Hello everyone and welcome once again to Ultimate Motorcycling’s weekly Podcast—Motos and Friends.
My name is Arthur Coldwells.
This week’s Podcast is brought to you by Yamaha motorcycles. Discover how the YZF-R7 provides the perfect balance of rider comfort and true supersport performance by checking it out at YamahaMotorsports.com, or see it for yourself at your local dealer.
This week’s episode features Senior Editor Nic de Sena’s impressions of the beautiful new Harley-Davidson Low Rider ST that is loosely based around the original FXRT Sport Glide from the 1980s. Hailing from The Golden State, these cult-status performance machines became known as West Coast style, with sportier suspension, increased horsepower, and niceties including creature comforts such as a tidy fairing and sporty luggage.
In past episodes you might have heard us mention my best friend, Daniel Schoenewald, and in the second segment I chat with him about some of the really special machines in his 170 or so—and growing—motorcycle collection. He’s always said to me that he doesn’t consider himself the owner, merely the curator of the motorcycles for the next generation.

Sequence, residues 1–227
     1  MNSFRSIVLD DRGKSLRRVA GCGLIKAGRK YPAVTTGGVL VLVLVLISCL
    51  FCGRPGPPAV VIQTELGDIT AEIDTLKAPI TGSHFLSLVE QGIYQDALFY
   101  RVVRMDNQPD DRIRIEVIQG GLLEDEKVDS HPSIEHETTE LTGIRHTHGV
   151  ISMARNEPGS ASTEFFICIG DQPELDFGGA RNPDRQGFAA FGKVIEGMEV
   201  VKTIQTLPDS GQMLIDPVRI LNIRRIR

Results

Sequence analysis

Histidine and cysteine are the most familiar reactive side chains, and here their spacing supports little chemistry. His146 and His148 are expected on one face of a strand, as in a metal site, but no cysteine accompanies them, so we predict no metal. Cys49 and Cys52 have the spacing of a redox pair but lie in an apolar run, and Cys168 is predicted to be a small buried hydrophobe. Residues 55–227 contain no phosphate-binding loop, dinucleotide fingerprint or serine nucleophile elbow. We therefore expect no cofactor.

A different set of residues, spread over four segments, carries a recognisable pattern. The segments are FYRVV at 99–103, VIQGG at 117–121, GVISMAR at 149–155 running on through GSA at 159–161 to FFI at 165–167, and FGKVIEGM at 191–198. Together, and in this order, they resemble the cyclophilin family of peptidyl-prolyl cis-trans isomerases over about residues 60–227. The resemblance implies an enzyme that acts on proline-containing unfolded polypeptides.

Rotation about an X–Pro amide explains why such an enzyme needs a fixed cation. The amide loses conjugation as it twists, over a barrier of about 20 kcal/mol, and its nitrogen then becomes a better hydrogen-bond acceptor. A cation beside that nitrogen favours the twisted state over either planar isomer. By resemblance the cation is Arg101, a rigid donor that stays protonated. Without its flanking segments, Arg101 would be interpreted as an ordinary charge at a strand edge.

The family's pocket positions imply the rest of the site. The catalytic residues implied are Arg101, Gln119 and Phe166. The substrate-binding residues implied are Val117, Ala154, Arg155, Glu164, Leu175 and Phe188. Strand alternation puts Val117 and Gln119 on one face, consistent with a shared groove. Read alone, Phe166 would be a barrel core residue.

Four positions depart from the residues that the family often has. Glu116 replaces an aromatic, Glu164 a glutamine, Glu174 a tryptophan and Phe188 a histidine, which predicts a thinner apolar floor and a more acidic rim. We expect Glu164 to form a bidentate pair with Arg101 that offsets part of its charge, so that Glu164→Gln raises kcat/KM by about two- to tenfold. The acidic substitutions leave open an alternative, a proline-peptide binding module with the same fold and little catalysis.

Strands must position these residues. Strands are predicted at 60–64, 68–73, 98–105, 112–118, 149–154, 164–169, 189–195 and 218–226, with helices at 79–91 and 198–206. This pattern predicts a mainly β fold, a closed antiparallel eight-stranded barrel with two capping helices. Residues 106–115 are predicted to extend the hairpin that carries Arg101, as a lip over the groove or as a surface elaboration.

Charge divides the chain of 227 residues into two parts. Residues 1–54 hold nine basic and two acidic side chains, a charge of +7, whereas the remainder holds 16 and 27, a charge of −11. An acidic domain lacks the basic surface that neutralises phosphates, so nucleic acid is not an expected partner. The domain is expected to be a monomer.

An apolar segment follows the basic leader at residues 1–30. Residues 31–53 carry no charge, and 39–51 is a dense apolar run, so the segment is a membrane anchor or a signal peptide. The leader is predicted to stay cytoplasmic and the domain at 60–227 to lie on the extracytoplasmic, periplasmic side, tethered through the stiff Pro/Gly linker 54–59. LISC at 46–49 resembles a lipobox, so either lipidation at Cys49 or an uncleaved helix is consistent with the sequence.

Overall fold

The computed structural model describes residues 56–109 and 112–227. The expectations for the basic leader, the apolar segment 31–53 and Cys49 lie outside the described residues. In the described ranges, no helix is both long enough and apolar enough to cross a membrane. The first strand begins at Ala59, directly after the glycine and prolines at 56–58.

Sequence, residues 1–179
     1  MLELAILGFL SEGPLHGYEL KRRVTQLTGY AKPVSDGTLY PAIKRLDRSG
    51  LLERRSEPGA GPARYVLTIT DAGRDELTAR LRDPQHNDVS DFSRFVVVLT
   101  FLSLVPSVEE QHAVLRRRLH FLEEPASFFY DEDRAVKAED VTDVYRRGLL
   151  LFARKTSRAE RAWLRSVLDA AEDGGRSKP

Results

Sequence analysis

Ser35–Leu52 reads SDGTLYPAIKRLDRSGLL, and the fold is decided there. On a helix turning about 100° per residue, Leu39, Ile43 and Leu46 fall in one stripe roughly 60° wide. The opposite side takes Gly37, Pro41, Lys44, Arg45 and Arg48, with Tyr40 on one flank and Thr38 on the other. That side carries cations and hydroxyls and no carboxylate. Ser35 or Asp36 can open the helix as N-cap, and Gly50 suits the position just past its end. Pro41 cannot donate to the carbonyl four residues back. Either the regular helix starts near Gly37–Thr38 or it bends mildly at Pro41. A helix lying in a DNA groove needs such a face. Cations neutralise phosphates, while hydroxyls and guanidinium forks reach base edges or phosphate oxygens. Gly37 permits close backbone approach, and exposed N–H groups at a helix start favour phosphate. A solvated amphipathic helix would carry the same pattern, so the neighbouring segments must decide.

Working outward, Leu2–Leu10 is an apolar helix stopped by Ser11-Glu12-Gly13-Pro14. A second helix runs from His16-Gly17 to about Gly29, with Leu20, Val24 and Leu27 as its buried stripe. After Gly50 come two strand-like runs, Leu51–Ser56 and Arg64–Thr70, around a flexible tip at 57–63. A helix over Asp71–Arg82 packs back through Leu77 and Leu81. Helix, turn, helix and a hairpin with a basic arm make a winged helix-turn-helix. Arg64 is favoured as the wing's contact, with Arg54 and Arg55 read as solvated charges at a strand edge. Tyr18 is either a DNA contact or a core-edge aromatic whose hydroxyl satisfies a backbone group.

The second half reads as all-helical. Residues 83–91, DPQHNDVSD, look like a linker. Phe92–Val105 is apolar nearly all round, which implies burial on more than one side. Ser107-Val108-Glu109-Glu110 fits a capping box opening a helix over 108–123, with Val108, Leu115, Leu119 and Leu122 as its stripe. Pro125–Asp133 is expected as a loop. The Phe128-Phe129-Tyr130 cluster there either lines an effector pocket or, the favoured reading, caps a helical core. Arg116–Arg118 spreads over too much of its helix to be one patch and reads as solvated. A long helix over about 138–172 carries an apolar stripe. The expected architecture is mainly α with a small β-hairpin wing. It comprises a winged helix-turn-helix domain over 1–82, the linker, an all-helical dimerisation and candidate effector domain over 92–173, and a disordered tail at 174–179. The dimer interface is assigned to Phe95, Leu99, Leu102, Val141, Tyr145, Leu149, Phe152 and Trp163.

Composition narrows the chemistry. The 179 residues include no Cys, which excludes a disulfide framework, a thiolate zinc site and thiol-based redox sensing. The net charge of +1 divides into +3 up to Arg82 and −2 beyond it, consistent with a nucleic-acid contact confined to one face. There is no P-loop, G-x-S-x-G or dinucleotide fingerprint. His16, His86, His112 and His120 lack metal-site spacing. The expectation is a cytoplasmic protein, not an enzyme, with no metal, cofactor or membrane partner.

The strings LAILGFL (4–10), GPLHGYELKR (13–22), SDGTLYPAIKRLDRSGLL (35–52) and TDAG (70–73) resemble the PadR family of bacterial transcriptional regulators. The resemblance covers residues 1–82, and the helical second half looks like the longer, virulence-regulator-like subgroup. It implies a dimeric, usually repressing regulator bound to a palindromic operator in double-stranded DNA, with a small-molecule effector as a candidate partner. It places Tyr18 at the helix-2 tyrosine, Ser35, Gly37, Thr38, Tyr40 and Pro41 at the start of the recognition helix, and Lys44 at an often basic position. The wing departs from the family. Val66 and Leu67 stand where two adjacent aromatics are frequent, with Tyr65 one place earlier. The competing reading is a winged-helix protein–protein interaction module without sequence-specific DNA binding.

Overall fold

Yet Daniel is not just a collector, but I can attest a really skilled rider. His bikes are not trailer queens, they’re ridden, and they’re ridden pretty hard. Actually, we have had many, many memorable rides on pretty much all of the machines in the collection at one time or another.
From all of us here at Ultimate Motorcycling, we hope you enjoy this episode!